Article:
As you will recall from a previous blog from 1967 (see Surveying the Top of Doi Inthanon
) in my senior year of high school I was a member of the topographical survey crew that surveyed the top of Doi Inthanon, the highest mountain in Thailand. Seven years later I was assigned as the construction manager for the construction of the radar station on top of the mountain.
My immediate boss was a 62 year old American civil engineer who had his vocal cords removed due to throat cancer which required him to carry a note pad around to give instructions. The contractor kept all his notes for a future contract claim. He was responsible for the road construction and for the radar station on the two days I had off (Sunday and Monday). He knew that this was his last job so was in no hurry to complete the work. I on the other hand wanted to finish the construction, which required that I go above his head on many occasions.
Our biggest battle concerned the concrete mix design. It called for less than 2%!b(MISSING)y weight of the aggregate to pass through the 200 seive, but we were at 4%! (MISSING)As our only
source of crushed rock aggregate was from 150 kilometers away in Chiang Mai, and the produced wasn't going to do anything to reduce the dust, my boss's solution was to wash the aggregate. As the spring at the top of the mountain only produced one liter per minute, enough water to mix the concrete, washing the aggregate would delay the concrete work considerably. My solution was to redesign the mix with higher cement content, which produced the same 3000 psi strength concret. The design folks in Bangkok agreed with my solution. Above us were two Navy Civil Engineering Corps officers; and ensign and a lieutenant. They lived at the bottom of the mountain or in Chiang Mai.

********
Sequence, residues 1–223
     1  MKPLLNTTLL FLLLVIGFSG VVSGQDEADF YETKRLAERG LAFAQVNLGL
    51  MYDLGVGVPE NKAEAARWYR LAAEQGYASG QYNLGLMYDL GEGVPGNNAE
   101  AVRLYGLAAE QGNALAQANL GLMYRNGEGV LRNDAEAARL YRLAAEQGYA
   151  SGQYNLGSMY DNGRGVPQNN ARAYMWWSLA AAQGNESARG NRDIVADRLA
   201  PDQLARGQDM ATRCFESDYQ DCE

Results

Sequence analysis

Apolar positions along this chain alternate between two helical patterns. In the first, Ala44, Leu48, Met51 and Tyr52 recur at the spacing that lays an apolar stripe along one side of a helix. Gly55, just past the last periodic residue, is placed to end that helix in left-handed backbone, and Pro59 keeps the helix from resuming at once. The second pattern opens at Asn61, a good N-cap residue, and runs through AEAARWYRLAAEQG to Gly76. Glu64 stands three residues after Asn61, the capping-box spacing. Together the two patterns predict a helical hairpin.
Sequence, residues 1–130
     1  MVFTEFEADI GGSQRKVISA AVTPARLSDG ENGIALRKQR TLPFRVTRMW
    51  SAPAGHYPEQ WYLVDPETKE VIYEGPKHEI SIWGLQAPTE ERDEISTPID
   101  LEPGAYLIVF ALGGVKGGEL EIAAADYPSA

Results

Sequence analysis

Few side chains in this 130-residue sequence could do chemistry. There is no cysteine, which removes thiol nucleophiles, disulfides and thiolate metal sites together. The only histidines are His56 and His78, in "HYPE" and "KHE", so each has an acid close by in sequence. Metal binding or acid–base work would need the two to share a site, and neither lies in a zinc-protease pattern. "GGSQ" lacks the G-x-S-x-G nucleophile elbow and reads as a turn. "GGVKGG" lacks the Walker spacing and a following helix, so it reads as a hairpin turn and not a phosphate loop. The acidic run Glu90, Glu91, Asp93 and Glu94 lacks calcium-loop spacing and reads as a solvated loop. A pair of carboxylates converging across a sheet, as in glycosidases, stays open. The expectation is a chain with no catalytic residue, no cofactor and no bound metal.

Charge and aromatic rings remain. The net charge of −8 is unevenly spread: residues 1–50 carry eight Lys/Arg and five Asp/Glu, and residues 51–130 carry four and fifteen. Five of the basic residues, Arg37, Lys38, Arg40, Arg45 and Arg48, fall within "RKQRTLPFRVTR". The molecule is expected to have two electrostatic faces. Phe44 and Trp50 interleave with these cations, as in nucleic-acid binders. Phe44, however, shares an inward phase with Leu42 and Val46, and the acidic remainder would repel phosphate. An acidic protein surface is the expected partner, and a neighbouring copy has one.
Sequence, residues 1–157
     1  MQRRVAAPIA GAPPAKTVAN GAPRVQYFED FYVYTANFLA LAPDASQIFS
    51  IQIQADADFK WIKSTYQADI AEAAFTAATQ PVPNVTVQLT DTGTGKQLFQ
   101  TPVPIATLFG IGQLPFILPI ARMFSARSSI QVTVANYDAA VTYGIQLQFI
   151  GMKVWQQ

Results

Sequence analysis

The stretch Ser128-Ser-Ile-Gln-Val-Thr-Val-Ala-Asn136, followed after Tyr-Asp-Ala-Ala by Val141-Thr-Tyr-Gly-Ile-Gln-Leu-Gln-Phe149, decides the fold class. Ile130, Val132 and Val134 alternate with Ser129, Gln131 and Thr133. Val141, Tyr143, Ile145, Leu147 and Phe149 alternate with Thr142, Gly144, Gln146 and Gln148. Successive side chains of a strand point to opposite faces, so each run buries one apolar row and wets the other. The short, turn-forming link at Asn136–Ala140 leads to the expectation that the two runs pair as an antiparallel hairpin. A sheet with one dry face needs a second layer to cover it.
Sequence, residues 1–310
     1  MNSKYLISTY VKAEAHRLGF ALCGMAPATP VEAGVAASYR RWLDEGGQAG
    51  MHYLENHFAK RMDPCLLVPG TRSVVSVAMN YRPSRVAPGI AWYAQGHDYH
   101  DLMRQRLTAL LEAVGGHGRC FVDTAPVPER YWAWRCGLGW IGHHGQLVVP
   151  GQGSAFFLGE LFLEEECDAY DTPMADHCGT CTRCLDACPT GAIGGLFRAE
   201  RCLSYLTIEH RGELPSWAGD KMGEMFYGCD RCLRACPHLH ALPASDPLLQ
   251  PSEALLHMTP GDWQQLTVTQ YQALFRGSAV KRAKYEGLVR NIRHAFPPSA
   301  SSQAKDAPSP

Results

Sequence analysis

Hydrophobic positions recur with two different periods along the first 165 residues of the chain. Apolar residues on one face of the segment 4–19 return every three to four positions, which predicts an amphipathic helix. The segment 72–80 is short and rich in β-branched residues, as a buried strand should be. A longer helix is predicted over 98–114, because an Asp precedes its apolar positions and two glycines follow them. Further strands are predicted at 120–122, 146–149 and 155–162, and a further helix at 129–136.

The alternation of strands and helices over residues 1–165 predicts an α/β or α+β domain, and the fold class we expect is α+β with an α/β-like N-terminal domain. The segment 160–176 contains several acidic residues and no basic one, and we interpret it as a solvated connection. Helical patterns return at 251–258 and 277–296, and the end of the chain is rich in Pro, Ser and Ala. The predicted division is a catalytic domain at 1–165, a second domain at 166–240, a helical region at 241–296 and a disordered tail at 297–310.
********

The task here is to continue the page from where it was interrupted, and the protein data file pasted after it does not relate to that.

Subordinate to me were four Thai inspectors working for me; one for each discipline. We all lived on the mountain, at least until rainy season started, in a plywood wall and tin roof shack. We didn't have any heat so in the morning the tin basin with water in it for washing our face was frozen over. Occasionally I had Linda stay a week with me in the shack. One night it rained so hard on the tin roof it was like
machine guns. We didn't get much sleep. Another night the construction of the road finally reached the top. A Caterpillar D8 bulldozer was cutting a slope about a meter from the corner of my room...another sleepless night.
We ate with the contractors management, paying our fair share of the food. After dinner they all like to play cards. I had to set a limit on how much the winnings could be to prevent any conflict of interest. It was like the wild west. Everyone was armed, so I couldn't let feeling get out of control.
The guns were also for protection. There were still communist terrorists operating in the area, along with drug lords and their agents. And we had tigers. One weekend I gave permission for the Girl Guides (like Girl Scouts) to camp near the spring at the top. They were not very organized and didn't have a camp fire started before it got dark. Consequently they turned in about 6:30 pm. The next morning they found tiger tracks on the stream bed next to their tents.
We were building eighteen buildings using the A-frame design which allowed us to assemble the steel and insulation